This list covers covers the armies of Demetrios (incorporating his sons Agathocles and Pantaleon) 183-171, Antimachos 171-160 (associate king), Apollodotos 171-160 and Menander 171-150, Menander and Zoilos 150-145 (though Menander ruled alone for the majority of this period and Zolios acceded to the dual throne only briefly towards the very end of Menanderís reign) and Lysias and Antialcidas 145-135. <p>Menander's kingdom represented Indo-Greek power at its height; he ruled from the Kabul valley in the west to the Ravi (river in Pakistan) in the east, and from the Swat valley in the north to northern Arachosia in the south. <p>
|Era: Biblical|| ||183 to 135 BC||CR: H: 4 L: 4|| ||BP: 2||Init:|
|1||LHI*||Anatolian/Pisidian Thureophoroi|| ||42||+1||Javelin||7|
Bonus: (Max: 4 ) 3GR; 1SH; 1RG; 1W
Core: 90 Bonus: 210
Greek PH and Indian FT may form in the same Division but may not intersperse.
* may replaced by LI 4(1)2 +1 Javs 7.
** Indian FT may not outnumber total Greek PH.
*** If any heavy Kamboja cavalry is bought then all Kamboja units must be bought.
The CATs are the fully armored riders on fully armored horses depicted in art, on coins, in the written sources, and in archeology. They reflect a different view of the Asian cataphract and both the Kamboja CATs and Kamboja HC mirror the troop types in the WF AFT 'Saka circa 300 B.C. to 250 A.D.' list.
In a historical game of Zoilos I Vs Menander, Zoilos Iís army add Yuezhi or Scythian Allies to the bonus:
Yuezhi or Scythian Allies
2 LC Yuezhi/Scythians 20 +1 Various/bow
Regarding the Kamboja one view is that the ancient Kambojas originally belonged to the 'Ghalcha' speaking area (the Iranian Pamirs and Badakshan) in Central Asia. They were also called 'Ashvakas' and had fought Alexander.
Recent studies (Serge Theon) suggest that the Kamboja were, in fact, Sakas: "It seems from some inscriptions that the Kambojas were a royal clan of the Sakas better known under the Greek name of Scyths".
The conquest of Northern India was a joint Greek/Kamboja campaign during the second/first century BC. In their advance from their original home in Central Asia one stream of the Kambojas allied with the Pahlavas and proceeded to Sindhu, Sauvira and Surastra; while the other stream allied with the Yavanas (Greeks) and appear to have moved to Punjab and Uttar Pradesh.
The Anushasanaparava of Mahabharata affirms that the country of Mathura, the heartland of India, was under the joint military control of the Yavanas (Greeks) and the Kambojas.
Yavanas: this is most probably a transliteration of the Greek word for Ionians (Homer Iaones, older: Iawones). Keay states that the term is derived from a Persian spelling of 'Ionian' and could also be interpreted to mean any people west of the Indus who were alien to Indian traditions.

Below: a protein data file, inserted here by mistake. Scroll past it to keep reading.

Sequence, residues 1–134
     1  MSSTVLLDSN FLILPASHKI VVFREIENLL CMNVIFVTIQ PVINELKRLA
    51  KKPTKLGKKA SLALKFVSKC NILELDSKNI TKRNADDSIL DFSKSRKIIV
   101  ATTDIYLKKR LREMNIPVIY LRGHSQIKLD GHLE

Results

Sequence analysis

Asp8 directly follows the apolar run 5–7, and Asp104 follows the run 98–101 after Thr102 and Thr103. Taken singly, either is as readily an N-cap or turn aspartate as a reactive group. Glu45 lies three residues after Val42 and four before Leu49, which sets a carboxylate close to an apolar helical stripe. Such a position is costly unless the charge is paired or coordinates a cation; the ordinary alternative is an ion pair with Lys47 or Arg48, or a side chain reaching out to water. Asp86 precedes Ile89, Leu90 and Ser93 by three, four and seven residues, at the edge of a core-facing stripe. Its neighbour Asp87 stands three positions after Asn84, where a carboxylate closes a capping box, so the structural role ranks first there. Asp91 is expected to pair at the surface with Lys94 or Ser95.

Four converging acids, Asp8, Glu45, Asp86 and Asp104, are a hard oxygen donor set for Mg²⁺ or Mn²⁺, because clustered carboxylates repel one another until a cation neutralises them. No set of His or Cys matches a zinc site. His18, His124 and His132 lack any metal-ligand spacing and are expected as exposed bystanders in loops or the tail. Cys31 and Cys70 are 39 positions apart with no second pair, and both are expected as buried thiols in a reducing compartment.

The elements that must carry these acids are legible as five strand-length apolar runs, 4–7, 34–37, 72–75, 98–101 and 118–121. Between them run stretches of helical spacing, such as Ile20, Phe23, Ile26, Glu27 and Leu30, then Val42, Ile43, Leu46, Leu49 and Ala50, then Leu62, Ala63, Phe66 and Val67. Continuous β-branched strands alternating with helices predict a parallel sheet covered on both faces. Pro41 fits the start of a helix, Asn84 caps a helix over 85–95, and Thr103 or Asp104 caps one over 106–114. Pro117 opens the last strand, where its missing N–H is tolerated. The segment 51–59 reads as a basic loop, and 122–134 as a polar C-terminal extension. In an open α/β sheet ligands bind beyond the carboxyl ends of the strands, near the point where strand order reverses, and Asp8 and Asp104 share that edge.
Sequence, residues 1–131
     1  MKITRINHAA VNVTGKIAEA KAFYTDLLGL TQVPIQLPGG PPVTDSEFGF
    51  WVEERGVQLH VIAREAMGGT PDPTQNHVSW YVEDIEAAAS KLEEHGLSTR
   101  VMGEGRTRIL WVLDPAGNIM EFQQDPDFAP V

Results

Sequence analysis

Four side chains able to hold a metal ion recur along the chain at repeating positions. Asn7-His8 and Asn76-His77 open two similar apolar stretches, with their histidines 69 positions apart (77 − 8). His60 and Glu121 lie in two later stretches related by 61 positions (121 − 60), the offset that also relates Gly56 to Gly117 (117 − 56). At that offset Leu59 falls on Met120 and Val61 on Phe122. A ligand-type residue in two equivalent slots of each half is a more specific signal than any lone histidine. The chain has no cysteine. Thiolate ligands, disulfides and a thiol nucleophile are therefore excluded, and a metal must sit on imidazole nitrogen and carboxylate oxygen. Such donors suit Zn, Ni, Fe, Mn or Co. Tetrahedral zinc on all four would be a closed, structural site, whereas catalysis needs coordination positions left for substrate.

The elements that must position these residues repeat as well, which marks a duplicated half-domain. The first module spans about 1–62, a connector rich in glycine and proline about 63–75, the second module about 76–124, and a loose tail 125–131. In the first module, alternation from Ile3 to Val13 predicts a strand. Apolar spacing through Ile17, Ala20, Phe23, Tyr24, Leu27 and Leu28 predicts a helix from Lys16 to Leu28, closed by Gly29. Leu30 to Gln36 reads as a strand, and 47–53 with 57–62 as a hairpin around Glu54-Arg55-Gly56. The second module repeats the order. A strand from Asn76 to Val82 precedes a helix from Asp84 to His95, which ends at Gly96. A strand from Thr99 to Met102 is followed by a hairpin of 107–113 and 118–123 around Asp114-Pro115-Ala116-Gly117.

Cretans: Stephanus calls Menander's city of Daedala an 'Indo-Cretian' city and Tarn surmises that is was a mercenary settlement, it is moot if any Cretans actually still inhabited it and the name may be a catch all term for the fighting style.
Anatolians: The preponderance of Mysians in the armies and settlements of the period may well also cover Anatolian troops and the settlement at Sealagissa, attributed to Pisidians, could equally have been an Anatolian settlement (Tarn).
Greek Military Settlers: Whilst there are only half a dozen settlements with Greek names the extensive use of city-goddesses on coinage suggests that there may have been many Greek settlements that did not reach 'polis' status and thereby retained native names.
Greek and Indian sources tend to indicate that the Greeks campaigned as far as Pataliputra until they were forced to retreat. This probably took place under the reign of Menander and was likely to have been only a temporary military advance, perhaps in alliance with native Indian states; Keay states that Indian sources (unattributed) identify the likely allies as the kings of Panchala and Mathura (both in the Ganges-Yamuna Doab; in modern western and southwestern Uttar Pradesh). The permanent Indo-Greek dominions extended only from the Kabul Valley to the eastern Punjab or slightly further east. Strabo however was sufficiently impressed/ill-informed to state: "The Greeks became masters of India and more tribes were subdued by them than by Alexander ó by Menander in particular, for some were subdued by him personally and others by Demetrius, the son of Euthydemus the king of the Bactrians." (Apollodorus, quoted in Strabo, 'Geography').
Menander fought the Sunga dynasty (185-73BC), who were the successors to the Mauryan dynasty and for which the AFT Mauryan List could almost certainly be used for the early period (185-151). The founder of the Sunga dynasty, Pusyamitra Sunga, was commander in chief of the Imperial Murayan army and had murdered the last Murayan ruler, Bhadrata, whilst the latter was taking the Guard of Honour of his forces.
Menander also fought the Bactrian king Eucratides between 170-150BC, after Eucratides toppled the Graeco-Bactrian dynasty of Euthydemus (circa 195BC).
Eucradates killed Antimachos and in all probability killed Apollodotus but Menander checked him in his advances circa 160; Menander, according to Tarn, had the support of large parts of the Indian population.
In 160 Eucradates returned to Bactria after cutting a deal with Menander.
The revolt of Eucratides 171 in Bactria and his subsequent invasion of India 165-160 should be represented by the WF Graeco-Bactrian list.
Menander also almost certainly fought a civil war against Zoilos I who reigned as an Indo-Greek King in Gandhara.
Sources: Tarn 'The Greeks in Bactria and India', Narain 'The Indo Greeks', Strabo 'Geography', Keay 'India: A History', Mitchiner 'Indo-Greek and Indo-Skythian Coinage; The Apogee of the Indo-Greeks'.
List Author: O'Cahan